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Dr. WA Criswell: Hero of the faith and inspiration to us all

Wallie Amos Criswell(1909-2002), notable Southern Baptist pastor and prolific author.
Wallie Amos Criswell(1909-2002), notable Southern Baptist pastor and prolific author. | Facebook/The W. A. Criswell Sermon Library

For all my conscious memory I have been an omnivorous reader. My mother taught me to read (phonics method) shortly after my third birthday as she became weary of my constantly asking her the meanings of words in articles in the sports page of the Houston paper.

I have deeply loved history, fiction (my favorite author is Jane Austen), and biography. I love reading books as long as it doesn’t involve math. When I finished what I knew was my last math course (“Integral and Differential Calculus”) at Princeton, I threw myself a celebratory party.

However, as I have gotten older, I find myself drawn inexorably to more and more biography and autobiography. This past week, I had the privilege of reading the new biography of Dr. W.A. Criswell, the pastor of the premier First Baptist Church of Dallas from 1944-1990.

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During his half-century ministry there, the church grew incredibly and Dr. Criswell himself became the living symbol of the successful defender of the conservative Christian faith in America. Dr. Criswell and First Baptist Dallas became “ground zero” as the successful model of a conservative, Christian, expository ministry in the center of one of the most sophisticated cities in America.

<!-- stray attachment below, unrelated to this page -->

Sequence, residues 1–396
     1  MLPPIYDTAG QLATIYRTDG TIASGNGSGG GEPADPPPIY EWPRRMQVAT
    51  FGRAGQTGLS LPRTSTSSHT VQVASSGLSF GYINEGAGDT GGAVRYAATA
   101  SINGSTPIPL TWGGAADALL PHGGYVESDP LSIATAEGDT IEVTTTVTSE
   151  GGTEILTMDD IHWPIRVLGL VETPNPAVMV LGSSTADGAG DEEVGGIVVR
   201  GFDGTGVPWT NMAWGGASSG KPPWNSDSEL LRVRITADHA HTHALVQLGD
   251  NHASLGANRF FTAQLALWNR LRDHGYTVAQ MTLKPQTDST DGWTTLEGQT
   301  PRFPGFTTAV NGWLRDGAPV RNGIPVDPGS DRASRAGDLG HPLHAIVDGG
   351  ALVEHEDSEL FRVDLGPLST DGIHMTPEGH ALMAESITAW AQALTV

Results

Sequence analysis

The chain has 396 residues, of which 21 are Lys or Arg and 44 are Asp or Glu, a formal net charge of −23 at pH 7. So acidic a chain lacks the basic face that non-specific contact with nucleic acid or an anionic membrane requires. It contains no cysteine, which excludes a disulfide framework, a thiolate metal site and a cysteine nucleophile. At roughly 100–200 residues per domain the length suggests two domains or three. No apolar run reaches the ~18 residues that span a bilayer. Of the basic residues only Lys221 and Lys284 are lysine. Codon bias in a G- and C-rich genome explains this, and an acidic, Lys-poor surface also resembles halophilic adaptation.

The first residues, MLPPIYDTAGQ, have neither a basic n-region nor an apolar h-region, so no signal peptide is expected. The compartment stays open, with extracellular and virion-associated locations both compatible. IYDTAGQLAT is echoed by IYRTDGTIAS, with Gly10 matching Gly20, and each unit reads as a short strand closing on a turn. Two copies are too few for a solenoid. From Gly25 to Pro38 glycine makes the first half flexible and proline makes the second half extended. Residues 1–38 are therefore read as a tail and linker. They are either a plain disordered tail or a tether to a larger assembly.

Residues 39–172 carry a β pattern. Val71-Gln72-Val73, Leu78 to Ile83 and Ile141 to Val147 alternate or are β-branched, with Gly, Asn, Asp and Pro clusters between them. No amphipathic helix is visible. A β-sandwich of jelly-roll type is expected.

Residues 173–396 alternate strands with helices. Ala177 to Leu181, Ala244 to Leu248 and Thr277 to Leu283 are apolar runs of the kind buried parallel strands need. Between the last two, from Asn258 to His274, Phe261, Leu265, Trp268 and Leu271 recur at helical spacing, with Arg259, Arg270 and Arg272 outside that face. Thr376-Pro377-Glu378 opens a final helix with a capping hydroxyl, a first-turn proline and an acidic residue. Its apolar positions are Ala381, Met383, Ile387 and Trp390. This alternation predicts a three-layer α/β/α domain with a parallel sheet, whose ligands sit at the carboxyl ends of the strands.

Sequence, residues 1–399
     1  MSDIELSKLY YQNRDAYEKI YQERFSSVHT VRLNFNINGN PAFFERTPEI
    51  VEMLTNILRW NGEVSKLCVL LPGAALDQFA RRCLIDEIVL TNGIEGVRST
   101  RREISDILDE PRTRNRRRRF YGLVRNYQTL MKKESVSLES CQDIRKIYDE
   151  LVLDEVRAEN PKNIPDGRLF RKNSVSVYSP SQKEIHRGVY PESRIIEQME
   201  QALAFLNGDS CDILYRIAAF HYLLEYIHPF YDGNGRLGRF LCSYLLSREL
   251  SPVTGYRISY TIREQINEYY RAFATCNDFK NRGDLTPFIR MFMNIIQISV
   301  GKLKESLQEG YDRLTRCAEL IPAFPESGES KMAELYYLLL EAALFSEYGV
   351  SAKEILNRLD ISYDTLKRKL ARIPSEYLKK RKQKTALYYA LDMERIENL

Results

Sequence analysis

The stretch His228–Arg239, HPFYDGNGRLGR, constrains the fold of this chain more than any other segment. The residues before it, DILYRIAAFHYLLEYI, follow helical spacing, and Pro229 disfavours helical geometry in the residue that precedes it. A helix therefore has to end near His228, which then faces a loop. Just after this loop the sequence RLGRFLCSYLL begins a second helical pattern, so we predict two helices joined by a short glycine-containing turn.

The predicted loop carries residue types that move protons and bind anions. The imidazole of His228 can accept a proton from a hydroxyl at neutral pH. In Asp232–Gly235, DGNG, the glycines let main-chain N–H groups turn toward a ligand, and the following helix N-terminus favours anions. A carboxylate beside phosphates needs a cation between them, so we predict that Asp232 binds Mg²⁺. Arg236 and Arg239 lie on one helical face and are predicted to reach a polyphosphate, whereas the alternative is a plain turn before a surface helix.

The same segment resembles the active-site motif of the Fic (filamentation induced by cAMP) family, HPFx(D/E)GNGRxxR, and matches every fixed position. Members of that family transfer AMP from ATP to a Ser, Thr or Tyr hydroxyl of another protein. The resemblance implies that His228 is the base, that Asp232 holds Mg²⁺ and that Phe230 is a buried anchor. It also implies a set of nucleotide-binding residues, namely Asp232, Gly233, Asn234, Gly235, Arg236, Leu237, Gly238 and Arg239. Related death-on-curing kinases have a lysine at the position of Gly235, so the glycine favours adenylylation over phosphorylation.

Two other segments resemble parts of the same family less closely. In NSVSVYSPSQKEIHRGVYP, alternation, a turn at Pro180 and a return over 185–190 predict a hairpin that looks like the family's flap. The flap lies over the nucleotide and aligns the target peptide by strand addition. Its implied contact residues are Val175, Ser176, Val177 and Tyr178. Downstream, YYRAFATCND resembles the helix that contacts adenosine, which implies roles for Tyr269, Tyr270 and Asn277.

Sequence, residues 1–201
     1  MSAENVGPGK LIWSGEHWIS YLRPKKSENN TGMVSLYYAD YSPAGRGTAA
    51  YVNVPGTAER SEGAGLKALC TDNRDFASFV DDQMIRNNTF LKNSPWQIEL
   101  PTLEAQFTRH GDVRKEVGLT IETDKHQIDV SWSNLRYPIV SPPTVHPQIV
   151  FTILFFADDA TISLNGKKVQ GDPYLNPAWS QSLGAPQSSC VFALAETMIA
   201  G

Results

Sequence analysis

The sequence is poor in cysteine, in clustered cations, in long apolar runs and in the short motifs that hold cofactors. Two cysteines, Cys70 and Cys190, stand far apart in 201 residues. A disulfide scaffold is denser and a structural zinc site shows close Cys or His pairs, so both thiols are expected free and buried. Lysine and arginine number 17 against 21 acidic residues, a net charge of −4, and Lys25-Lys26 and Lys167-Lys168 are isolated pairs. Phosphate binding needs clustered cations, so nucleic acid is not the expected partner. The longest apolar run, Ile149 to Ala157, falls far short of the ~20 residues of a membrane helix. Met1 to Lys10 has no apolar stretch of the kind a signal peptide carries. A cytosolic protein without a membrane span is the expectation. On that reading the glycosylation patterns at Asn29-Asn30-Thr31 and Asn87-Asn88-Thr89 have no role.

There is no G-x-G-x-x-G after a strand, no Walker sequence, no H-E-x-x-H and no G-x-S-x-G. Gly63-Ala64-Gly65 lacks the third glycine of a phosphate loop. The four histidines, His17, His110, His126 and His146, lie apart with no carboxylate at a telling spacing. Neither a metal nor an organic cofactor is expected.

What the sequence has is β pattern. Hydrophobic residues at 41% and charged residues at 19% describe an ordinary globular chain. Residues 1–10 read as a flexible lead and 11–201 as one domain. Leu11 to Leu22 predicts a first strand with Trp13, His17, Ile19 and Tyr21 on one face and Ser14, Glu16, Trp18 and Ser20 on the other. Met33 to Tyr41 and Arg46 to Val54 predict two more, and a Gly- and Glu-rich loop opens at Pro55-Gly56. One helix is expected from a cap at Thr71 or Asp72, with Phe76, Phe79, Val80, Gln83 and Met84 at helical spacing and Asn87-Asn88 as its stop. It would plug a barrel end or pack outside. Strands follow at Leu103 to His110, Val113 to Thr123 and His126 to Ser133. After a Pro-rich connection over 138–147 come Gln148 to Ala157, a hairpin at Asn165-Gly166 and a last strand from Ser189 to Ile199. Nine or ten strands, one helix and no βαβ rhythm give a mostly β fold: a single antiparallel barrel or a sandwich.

Dr. Criswell served as president of the Southern Baptist Convention (1968-1970), founded Criswell College, and became the crown prince of Christian pulpiteers for three generations of Evangelical Protestant ministers in America.

I had the privilege of serving alongside Dr. Criswell for 13 years (1975-1988) as a professor, academic dean and associate pastor of the church.

It was the privilege of a lifetime to observe Dr. Criswell as a pastor, an evangelist, a college chancellor and an administrator of a multimillion-dollar ministerial enterprise. I have never met anyone like him before or since. Undergirding everything he did was his love for the lost people of the world and his desire to reach them with the Gospel of his Savior. He was also the inspirational leader of the “Conservative Resurgence” in the Southern Baptist Convention (1979-1990).

A new biography of Dr. Criswell has just been published. It is written by Dr. O.S. Hawkins, himself a former pastor of First Baptist Dallas (1993-1997). Dr. Hawkins has spent his adult lifetime serving Southern Baptists as a pastor, denominational leader and now a wise older statesman of Baptists and other Evangelicals across America.

Dr. Hawkins obviously has great admiration and affection for Dr. Criswell. In many ways, they developed a spiritual father-and-son relationship. There have been other biographies of Dr. Criswell and even an autobiography, Standing on the Promises. One thing I have learned from reading so many biographies over the years is that no one biography gets everything told that can be told.